For consecutive weekends, the boy has spent half his time kayak fishing. What this means is that, if we're lucky, once a week we have fish for dinner. Fish smells like, well, fish, so the best way to prepare it without being reminded that we had fish for dinner days later is to grill it outside. Especially since we're eating different fishes and want to compare their tastes, we're marinating them the same way with shake of salt, a grind of black pepper, a drizzle of olive oil, a mince of garlic, and a squeeze of lemon. So far, we've had striped bass, rock cod, halibut, and skate (listed in order of my preference) prepared this way.
The boy has been asking me to pick up garlic salt from the store for ages because sometimes the fresh garlic burns on the grill, and I've hesitated because it seems stupid to buy something that I knew had to be easy to make, especially with our dehydrator. So, when we found ourselves in Martinez as the farmers' market was closing, we struck a deal with a garlic vendor and got 3 pounds of garlic for $3. Score! Now, it was time to figure out how to make garlic salt.
The hardest part is peeling the garlic, which is to say, making garlic salt is not hard. Once the garlic cloves are peeled and washed, it was quick work to chop it up and spread it out on a dehydrator rack. I put the temperature to 125 °F, the vegetable setting, for 8 hours.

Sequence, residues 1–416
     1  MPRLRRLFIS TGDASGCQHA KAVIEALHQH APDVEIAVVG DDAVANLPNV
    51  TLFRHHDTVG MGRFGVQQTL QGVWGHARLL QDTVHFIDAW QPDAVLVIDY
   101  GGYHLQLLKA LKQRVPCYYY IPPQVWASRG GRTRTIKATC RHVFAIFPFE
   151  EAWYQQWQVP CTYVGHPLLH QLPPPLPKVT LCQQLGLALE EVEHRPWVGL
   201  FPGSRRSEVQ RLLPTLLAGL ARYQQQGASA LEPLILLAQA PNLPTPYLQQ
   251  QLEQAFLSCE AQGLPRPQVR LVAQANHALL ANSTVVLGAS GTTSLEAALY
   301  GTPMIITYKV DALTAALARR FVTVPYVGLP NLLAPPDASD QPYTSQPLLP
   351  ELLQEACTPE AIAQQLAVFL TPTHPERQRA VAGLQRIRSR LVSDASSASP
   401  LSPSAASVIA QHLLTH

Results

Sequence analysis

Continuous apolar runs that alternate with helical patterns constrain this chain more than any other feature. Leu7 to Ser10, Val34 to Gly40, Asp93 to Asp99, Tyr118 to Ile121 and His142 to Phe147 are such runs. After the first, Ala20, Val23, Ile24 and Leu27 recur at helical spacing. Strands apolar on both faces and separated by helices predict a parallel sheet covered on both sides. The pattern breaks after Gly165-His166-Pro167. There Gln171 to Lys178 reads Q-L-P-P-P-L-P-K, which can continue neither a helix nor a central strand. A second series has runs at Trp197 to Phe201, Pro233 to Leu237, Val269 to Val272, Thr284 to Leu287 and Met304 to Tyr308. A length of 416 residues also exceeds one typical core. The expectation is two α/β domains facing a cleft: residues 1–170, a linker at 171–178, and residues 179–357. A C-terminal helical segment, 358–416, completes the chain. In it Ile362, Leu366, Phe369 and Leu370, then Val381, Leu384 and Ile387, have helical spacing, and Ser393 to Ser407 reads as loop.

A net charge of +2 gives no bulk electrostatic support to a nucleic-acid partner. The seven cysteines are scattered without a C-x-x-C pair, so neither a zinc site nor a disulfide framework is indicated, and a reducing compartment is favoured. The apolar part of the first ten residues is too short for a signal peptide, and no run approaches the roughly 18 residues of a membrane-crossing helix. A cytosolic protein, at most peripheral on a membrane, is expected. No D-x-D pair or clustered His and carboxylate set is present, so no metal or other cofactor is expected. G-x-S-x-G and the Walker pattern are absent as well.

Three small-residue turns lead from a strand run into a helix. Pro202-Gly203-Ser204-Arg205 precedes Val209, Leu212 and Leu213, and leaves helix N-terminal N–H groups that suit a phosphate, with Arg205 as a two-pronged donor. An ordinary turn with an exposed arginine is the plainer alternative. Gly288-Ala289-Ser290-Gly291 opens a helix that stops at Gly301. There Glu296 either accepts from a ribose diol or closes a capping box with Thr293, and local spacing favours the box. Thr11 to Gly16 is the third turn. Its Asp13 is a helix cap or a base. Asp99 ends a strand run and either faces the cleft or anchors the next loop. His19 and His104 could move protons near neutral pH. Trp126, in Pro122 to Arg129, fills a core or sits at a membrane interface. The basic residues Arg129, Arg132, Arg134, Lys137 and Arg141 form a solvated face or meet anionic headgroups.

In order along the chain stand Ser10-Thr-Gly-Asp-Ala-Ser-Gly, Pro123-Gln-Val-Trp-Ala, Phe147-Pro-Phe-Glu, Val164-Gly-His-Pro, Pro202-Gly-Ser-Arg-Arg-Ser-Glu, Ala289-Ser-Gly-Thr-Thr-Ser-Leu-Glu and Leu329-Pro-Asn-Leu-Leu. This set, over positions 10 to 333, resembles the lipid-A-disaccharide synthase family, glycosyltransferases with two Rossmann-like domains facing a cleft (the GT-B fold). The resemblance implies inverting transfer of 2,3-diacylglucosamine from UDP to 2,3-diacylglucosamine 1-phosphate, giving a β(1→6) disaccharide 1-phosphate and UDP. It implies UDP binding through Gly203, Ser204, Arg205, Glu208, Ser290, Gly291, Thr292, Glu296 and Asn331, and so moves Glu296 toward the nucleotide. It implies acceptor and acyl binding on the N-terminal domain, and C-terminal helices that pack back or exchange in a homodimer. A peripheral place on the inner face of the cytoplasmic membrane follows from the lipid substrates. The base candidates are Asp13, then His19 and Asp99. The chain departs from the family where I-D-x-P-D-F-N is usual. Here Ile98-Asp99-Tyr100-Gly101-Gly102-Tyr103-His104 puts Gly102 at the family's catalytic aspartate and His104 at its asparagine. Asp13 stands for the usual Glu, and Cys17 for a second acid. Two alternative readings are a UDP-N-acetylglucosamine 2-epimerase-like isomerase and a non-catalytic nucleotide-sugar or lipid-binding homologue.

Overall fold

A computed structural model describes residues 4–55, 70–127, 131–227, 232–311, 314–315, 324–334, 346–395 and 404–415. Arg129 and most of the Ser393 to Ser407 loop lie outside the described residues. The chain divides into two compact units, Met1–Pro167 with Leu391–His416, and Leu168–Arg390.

It will smell like Gilroy in your house for the first few hours, so you and your roomies will be safe from vampires.
Once the garlic is dehydrated, let it cool to room temperature, and then pulse it in a blender 4 or times times and assess the volume - my blender has graduated markings on the side, so I saw that I had about 1 cup of garlic. I added 1 cup of flakey sea salt to the blender. If you want your garlic salt less garlicky. add more salt. Continue pulsing the blender until the garlic salt is as course as cornmeal. That's it! Now you have homemade garlic salt. For the quantity I processed, I ended up with about 1.5 cups of garlic salt.